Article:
Katalin Karikó

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Katalin Karikó
Katalin Kariko light corrected.jpeg
Karikó in 2020
Born (1955-01-17) 17 January 1955 (age 66)
Alma materUniversity of Szeged
Known formRNA technology in immunology and therapies
Spouse(s)Béla Francia
ChildrenSusan Francia
AwardsRosenstiel Award (2020)
Széchenyi Prize (2021)
Wilhelm Exner Medal (2021)
Princess of Asturias Award (2021)
Louisa Gross Horwitz Prize (2021)
Albany Medical Center Prize (2021)
Lasker-DeBakey Clinical Medical Research Award (2021)
Grande Médaille (2021)
L'Oréal-UNESCO For Women in Science Award (2022)
Vilcek Prize for Excellence (2022)
Breakthrough Prize in Life Sciences (2022)
Paul Ehrlich and Ludwig Darmstaedter Prize (2022)
Scientific career
FieldsBiochemistry; RNA technologies
InstitutionsUniversity of Szeged
Temple University
University of Pennsylvania
BioNTech

Katalin Karikó (Hungarian: Karikó Katalin, pronounced [ˈkɒrikoː ˌkɒtɒlin]; born 17 January 1955) is a Hungarian biochemist who specializes in RNA-mediated mechanisms. Her research has been the development of in vitro-transcribed mRNA for protein therapies. She co-founded and was CEO of RNARx, from 2006 to 2013.[1] Since 2013, she has been associated with BioNTech RNA Pharmaceuticals, first as a vice president and promoted to senior vice president in 2019.[2] She also is an adjunct professor at the University of Pennsylvania.[1]

Karikó's work includes the scientific research of RNA-mediated immune activation, resulting in the co-discovery with American immunologist Drew Weissman of the nucleoside modifications that suppress the immunogenicity of RNA.[3][4][5] This is seen as further contribution to the therapeutic use of mRNA.[6] Together with Weissman, she holds U.S. patents for the application of non-immunogenic, nucleoside-modified RNA. This technology has been licensed by BioNTech and Moderna to develop their protein replacement technologies but was also used for their COVID-19 vaccines.[7] She and Weissman have received many awards including the prestigious Lasker-DeBakey Clinical Medical Research Award.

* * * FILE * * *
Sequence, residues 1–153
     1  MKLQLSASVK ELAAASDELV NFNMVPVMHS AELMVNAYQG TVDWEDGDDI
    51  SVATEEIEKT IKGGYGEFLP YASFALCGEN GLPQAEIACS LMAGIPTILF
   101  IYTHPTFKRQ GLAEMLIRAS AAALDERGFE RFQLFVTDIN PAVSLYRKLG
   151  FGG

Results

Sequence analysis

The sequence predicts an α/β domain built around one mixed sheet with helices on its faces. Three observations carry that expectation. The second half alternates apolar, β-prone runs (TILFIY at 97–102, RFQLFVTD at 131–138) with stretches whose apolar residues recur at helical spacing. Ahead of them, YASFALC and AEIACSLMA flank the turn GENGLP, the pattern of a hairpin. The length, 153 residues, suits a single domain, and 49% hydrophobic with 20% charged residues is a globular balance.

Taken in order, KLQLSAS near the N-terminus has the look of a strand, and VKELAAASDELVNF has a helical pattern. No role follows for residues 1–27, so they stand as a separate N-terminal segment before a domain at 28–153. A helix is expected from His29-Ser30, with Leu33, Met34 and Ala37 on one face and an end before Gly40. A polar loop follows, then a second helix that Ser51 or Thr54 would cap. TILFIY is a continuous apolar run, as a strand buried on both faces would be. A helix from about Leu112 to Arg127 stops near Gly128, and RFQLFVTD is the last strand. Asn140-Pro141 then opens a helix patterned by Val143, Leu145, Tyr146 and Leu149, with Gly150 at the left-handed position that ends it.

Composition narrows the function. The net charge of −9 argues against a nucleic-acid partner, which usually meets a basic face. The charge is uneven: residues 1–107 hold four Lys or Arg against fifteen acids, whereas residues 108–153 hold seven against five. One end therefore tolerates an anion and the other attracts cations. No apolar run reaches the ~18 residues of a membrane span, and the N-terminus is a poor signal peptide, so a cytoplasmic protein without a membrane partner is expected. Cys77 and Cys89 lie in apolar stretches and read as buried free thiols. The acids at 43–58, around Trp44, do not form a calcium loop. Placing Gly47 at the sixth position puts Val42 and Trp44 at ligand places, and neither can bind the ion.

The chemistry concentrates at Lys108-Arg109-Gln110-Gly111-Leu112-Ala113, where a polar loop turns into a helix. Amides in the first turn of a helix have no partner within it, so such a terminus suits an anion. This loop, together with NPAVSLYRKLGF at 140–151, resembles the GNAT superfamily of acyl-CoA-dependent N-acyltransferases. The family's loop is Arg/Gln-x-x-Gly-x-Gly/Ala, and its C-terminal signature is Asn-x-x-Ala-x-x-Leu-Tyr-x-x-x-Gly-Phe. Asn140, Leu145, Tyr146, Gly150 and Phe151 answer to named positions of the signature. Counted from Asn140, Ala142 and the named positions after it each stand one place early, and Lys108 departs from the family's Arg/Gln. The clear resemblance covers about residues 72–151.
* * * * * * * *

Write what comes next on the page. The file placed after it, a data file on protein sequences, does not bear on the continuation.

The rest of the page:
Early life and education

Karikó grew up in Kisújszállás, Hungary, in a small home without running water, a refrigerator, or television.[8] Her father was a butcher and her mother was a bookkeeper.[8][9] She excelled in science during her primary education.[8] She attended Móricz Zsigmond Református Gimnázium.

After earning her Ph.D. at the University of Szeged, Karikó continued her research and postdoctoral studies at the Institute of Biochemistry, Biological Research Centre of Hungary. In 1985, the lab lost its funding, and she left Hungary for the United States with her husband and 2-year daughter.[8] They smuggled in a teddy bear £900 received on the black market in exchange for the proceeds from selling a car.[10][11]

Between 1985 and 1988, while serving as postdoctoral fellow at Temple University in Philadelphia and Uniformed Services University of the Health Sciences in Bethesda, MD, (88-89) Karikó participated in a clinical trial in which patients with AIDS, hematologic diseases, and chronic fatigue syndrome were treated with double stranded RNA (dsRNA). At the time, this was considered groundbreaking research, as the molecular mechanism of interferon induction by dsRNA was not known, although the antiviral and antineoplastic effects of interferon were well documented.[12]

Career

In 1989, she was hired by the University of Pennsylvania and worked with cardiologist Elliot Barnathan on messenger RNA.[8] In 1990, while an adjunct professor at the University of Pennsylvania’s Perelman School of Medicine, Karikó submitted her first grant application in which she proposed to establish mRNA-based gene therapy.[2] Ever since, mRNA-based therapy has been Karikó's primary research interest. She was on track to become full professor, but grant rejections led to her being demoted by the university in 1995.[7] She stayed on and in 1997, she met Drew Weissman, professor of immunology at the University of Pennsylvania.[13] Her persistence was noted as exceptional against the norms of academic research work conditions.[14]